It’s time for a speed round of hydroponics troubleshooting. While hydroponic systems are relatively easy to work with, it doesn’t mean this cultivation method isn’t prone to a few common cultivation issues.
Most hydroponic problems revolve around nutrient imbalance or pathogens sneaking into the system. But, no matter the root cause, it is possible to address many common hydroponic problems without having to rip out plants and start from scratch.
Let’s tackle a few of the hydroponic issues you will most likely encounter in your indoor setup, starting with algae.
Addressing the Inevitable Algae Bloom
At some point in your hydroponic journey, you will have to troubleshoot an algae bloom. In a wet, warm, and light-filled environment, algae growth is inevitable.
You’ll likely notice green, red, or even black algae develop in the channels, nutrient tanks, and around the PVC piping. Long stings of growth will form, an earthy or moldy smell will develop, and as it dies off, your water will start to get murky.
Algae growth proliferates quickly, literally clogging up the works and sucking up much of your valuable nutrient solution. Unfortunately, it will also happily gobble up the crucial oxygen within your system. Without oxygen and nutrients, algae will slowly suffocate and starve your plants.
Because algae is a photosynthetic plant, it feeds in part off of light (which are already providing to your actual crops). So, one way to reduce the risk of complete algae takeover is to use dark and opaque materials for the piping, nutrient reservoir, and any channels where the water flows.
Between cycles, always perform complete sterilization and sanitization of the system, including the reservoir and piping. This will eliminate leftover algae and prevent its rapid regrowth in the next round.
Taking Notice of Burnt Leaves
If you start to notice discoloration and crispiness at the leaf ends, this is a key indicator your plants are suffering from nutrient toxicity. Also known as nutrient burn or tip burn, it’s related to elevated levels of nutrients within your solution.
If you have too much fertilizer in the nutrient solution, plants don’t have a stop mechanism. If the parts per million (ppm) is too high of one or all the nutrients, plants will continue to absorb them through the roots —until they absorb toxic levels.
Addressing tip burn starts with checking the electrical conductivity of the nutrient solution. Next, flush the system for at least 24 hours with pH-balanced water. Finally, before adding new nutrient solution, double and triple check the nutrient labels for dilution ratios. To make it easy, follow an established nutrient solution recipe when you are ready to re-apply.
Grower Tip: HydroGuide offers brand-specific nutrient recipes through our Grow App to help eliminate the guesswork and avoid nutrient burn.HydroGuide
Plants are Stretching Out
Many aspects of the indoor environment can encourage (or discourage) your plants from stretching. Usually, as an indoor grower, you want to produce dense, bushy plants that pack a lot of flower into a small space. But what happens if your plants begin to stretch with too much room between each leaf node?
First, you’ll have to assess your environmental conditions. For example, your lights may be too far from the canopy or may not produce the right spectrum of color. Your plants may also be too close together, making for fierce competition to get in front of the light.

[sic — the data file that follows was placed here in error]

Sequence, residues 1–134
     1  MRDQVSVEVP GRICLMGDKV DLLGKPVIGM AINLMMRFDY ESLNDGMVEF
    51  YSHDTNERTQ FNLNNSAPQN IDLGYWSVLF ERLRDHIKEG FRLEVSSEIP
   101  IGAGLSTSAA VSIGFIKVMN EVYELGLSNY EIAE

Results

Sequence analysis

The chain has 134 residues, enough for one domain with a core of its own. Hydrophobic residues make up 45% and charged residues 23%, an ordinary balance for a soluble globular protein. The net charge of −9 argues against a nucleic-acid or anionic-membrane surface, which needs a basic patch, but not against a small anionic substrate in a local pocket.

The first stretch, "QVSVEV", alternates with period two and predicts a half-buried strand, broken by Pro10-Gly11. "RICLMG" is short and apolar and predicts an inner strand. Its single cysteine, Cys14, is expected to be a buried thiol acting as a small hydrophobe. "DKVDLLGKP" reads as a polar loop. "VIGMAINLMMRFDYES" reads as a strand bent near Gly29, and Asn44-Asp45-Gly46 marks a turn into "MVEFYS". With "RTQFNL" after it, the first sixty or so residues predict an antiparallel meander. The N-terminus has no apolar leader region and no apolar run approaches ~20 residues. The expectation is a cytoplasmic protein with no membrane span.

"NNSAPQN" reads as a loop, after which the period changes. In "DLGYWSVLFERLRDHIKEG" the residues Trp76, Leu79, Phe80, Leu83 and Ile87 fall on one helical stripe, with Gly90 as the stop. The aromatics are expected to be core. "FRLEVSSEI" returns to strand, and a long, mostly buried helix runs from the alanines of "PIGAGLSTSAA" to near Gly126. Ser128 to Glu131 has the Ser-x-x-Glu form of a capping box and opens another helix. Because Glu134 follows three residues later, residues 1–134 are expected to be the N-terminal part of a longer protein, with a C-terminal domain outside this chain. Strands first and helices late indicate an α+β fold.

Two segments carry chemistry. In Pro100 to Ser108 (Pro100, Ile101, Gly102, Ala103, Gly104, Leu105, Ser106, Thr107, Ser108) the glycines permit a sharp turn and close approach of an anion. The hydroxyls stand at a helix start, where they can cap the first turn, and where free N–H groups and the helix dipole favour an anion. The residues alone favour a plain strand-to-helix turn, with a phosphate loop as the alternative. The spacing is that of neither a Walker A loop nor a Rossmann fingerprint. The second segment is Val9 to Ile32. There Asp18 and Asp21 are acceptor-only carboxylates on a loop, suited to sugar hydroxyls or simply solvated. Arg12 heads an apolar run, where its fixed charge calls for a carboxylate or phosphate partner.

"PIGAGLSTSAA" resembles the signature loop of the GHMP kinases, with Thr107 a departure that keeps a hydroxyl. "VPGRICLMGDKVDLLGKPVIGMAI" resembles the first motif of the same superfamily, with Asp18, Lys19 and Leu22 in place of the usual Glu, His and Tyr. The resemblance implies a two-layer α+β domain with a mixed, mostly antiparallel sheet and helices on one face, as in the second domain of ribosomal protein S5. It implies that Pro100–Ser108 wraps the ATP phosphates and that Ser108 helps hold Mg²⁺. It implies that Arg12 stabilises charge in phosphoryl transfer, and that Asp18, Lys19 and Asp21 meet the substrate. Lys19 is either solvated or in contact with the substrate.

You can also employ specific pruning techniques that reduce stretching. These include pinching, training, and manually inducing stress. Many pruning and training techniques are specifically designed to promote bushing over stretching.
If your plants are stretching and you are well into the vegetative stage, it may be too late to make any significant adjustments. However, you can troubleshoot the issue in this round and adjust for the next.
Reducing Risk of Root Disease
Root rot is the bane of many hydroponic growers’ existence. This disease is a result of bacterial and fungal pathogens proliferating throughout your system. A host of different pathogens, perhaps more than 20, can lead to root rot, but the symptoms are generally the same.
These microscopic pathogens enter your grow room at any point: in the air, on purchased clones, on unsanitized tools, and even on your clothing. So unless you operate a completely sterile grow room, which is unlikely for a home set up, the best way to avoid root rot is to cultivate healthy plants and maintain vigilance.
Look for slimy, smelly roots. Inspect the roots of each plant in your system regularly to ensure they are white, clean, and healthy. Discolored and mushy root systems are a sure sign there is a system-wide issue. Plants with an advanced stage of root rot may begin to wilt, display discoloration as well as stunted growth.
Control for root rot starts with routine root inspection. Remove any infected plants, and complete a system flush. Root rot may also be a sign that there is a lack of oxygen, which means checking the function of each air stone or adding more should your system need it. Between each grow, always perform a complete system sanitization and sterilization.
Troubleshooting Hydroponics: Check the Nutrients and Keep Cleaning
Most common hydroponic problems can be course-corrected through adjustments to the nutrient solution and/or complete sterilization of the system.
But, most critically, it’s daily inspections on your hydro system that count. Check the nutrient reservoir, inspect the foliage, and carefully look at root systems. If you catch an issue early, you can usually solve it quickly. Remember, root rot and algae blooms don’t just appear overnight. They take a while to build up.
Keeping a close eye over your hydroponic system will help reduce the risk for most of the most common hydroponic issues.